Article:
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May 11, 2010

The Coming Age of (Health Insurance) Exchanges

Bryce Williams, CEO of Extend Health, a Psilos portfolio company, has written an interesting piece for SHRM (Society for Resource Management) that explains the primary benefit of a heath insurance Exchange, namely its ability to allow individual purchasers of health insurance to buy exactly what they want in a competitive market (buzz words to keep in mind: personalization, choice, competition, consumerism, to name a few).  Bryce’s company Extend Health demonstrates these benefits to its customers today, every day, and has been doing so for several years now, even before the enactment of healthcare reform, first in Massachusetts’ and now nationally, where in both cases the role of the Exchange takes prominence as a tool for expanding health insurance coverage.

So how does an Exchange work?

In the case of Extend Health, the users of its private Exchange are Medicare beneficiaries (aged at least 65 years) that receive supplemental health insurance from their former employers as a negotiated retiree benefit.   The Exchange enables these retirees to purchase an individual Medicare Advantage Plan (MA for short, which is similar to a HMO or PPO for Medicare) or Medicare Supplemental Insurance (Med Sup or MediGap for short, and it is what it sounds like, supplemental insurance that covers many of the coverage gaps in the standard Medicare package).  Today, both MA and Med Sup products are sold to individuals by most major national and regional health insurance carriers (United Healthcare, Blue Cross / Blue Shield, Aetna, et al).  Extend Health works with the former employers to establish individual accounts on behalf of each retiree, usually a Health Reimbursement Arrangement (HRA) or something similar.  The former employer funds the individual HRA(s) in lieu of purchasing a group health policy from one insurance carrier that covers all of the retirees (typically referred to as a Group Plan).  The retiree then uses the money funded into the HRA to purchase any MA or Med Sup policy offered on Extend Health’s Exchange (as of this writing Extend Health offers over 1900 policies from over 60 insurance carriers).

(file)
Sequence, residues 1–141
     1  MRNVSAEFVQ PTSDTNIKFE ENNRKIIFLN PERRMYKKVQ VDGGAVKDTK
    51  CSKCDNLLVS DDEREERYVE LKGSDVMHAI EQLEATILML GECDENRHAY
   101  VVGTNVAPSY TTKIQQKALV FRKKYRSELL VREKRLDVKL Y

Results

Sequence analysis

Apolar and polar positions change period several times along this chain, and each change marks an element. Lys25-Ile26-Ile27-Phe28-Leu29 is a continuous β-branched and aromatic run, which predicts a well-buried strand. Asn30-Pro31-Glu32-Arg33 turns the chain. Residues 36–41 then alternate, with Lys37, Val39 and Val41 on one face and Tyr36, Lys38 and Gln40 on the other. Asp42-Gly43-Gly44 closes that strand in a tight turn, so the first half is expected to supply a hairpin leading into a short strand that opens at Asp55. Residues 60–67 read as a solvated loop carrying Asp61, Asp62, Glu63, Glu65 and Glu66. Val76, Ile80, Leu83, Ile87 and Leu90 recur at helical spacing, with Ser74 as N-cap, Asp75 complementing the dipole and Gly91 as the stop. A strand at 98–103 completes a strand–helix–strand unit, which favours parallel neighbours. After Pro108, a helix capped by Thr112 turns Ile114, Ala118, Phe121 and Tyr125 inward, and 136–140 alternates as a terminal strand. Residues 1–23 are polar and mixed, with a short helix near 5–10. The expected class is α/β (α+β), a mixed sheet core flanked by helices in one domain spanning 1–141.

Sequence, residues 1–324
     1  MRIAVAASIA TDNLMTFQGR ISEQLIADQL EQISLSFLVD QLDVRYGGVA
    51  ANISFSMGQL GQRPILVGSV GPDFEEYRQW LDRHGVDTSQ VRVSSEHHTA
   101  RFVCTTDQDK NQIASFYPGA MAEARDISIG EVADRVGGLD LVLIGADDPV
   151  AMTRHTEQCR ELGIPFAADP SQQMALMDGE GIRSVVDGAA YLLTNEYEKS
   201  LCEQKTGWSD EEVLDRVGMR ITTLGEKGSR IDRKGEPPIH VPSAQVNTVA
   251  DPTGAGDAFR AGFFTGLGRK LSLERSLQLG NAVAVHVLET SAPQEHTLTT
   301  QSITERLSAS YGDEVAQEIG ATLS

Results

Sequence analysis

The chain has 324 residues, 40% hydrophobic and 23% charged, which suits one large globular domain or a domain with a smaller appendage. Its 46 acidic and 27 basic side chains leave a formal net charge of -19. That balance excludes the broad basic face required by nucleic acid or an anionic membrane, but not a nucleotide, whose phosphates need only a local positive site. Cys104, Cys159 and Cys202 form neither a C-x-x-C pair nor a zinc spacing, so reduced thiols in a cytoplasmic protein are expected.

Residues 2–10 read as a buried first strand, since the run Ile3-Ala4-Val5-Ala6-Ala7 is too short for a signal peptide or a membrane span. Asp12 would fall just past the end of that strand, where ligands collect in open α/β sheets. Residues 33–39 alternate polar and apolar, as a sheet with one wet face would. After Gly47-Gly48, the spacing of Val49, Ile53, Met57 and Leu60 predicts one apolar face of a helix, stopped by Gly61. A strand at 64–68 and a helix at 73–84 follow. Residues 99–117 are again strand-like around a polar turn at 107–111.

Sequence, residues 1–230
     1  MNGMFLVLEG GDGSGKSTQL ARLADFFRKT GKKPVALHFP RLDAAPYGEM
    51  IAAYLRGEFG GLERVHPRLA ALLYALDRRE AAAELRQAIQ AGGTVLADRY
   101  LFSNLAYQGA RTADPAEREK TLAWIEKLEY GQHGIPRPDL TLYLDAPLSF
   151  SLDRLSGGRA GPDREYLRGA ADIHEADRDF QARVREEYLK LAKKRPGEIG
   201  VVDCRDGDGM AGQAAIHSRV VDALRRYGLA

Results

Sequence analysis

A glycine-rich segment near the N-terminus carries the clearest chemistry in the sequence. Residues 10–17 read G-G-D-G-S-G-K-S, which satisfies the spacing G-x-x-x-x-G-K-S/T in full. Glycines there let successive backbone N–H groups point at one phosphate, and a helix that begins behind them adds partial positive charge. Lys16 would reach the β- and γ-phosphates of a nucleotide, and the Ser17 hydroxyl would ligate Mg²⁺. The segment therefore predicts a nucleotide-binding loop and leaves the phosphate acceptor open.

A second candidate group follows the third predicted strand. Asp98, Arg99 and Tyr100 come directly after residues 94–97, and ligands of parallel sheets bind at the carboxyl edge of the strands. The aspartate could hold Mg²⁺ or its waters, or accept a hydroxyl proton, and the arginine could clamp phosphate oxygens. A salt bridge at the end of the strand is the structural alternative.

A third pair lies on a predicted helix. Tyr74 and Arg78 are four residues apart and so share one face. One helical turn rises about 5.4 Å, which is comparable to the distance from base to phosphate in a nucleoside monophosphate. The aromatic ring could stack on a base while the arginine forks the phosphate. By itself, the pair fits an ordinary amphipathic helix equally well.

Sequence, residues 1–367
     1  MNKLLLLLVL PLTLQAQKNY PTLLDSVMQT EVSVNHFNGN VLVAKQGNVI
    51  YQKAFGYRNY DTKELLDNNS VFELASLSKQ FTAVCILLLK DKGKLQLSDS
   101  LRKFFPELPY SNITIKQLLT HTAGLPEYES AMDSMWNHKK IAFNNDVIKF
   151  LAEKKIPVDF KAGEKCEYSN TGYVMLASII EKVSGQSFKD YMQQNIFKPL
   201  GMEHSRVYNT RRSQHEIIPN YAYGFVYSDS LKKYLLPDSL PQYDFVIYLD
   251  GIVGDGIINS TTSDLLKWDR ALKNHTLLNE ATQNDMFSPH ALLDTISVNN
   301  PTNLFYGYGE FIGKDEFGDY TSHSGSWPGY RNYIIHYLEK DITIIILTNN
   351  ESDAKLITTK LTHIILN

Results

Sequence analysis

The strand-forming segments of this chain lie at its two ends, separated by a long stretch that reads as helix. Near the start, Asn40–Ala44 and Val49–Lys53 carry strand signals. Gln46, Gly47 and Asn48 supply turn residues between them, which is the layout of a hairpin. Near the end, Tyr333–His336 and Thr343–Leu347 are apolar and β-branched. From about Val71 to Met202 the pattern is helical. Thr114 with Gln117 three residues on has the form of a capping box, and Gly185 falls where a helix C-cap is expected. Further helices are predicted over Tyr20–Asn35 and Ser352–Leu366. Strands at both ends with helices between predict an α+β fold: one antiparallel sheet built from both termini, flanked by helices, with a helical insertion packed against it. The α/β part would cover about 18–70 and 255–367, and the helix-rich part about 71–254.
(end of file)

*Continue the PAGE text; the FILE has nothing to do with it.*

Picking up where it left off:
Operationally, and from a consumer’s perspective, Extend Health’s Exchange works the way most non-healthcare related consumer purchases work, which, oddly, makes it very unique in the healthcare world.   Retirees can access information about all available plans online at Extend Health’s website.  While the website is enabled for transactions, almost all of Extend Health’s customers make telephonic appointments with a licensed benefit advisor.  During these appointments, which usually last about 30-45 minutes, retirees review their budget and healthcare needs with the advisor and ultimately select and purchase health insurance coverage.

Today Extend Health has over 45 corporate customers (a/k/a the former employers) and has helped more than 250,000 retirees compare and choose a MA or Med Sup plan that meets their needs.  After this much experience the evidence is clear that the aggregate cost of individual insurance purchases is significantly less than the cost of a Group Plan, in some cases up to a 35% reduction in cost to the former employer and $500 per year for the individual retiree.

In his article Bryce sites the following as among the reasons for the savings:

  1. Consumerism and Personalization:  Retirees purchase the precise insurance benefit that they want.  The money in the HRA is theirs to spend on healthcare and as such they naturally spend it wisely and avoid waste.
  2. Geographical Efficiencies and Competition:  As an example, individuals living in Florida do not require primary provider networks in other states, and as such it is cheaper to buy local health insurance individually than through a national or multi-regional Group Plan.  Further, local competition for the individual business drives pricing rather than Group Plan underwriting by a national carrier.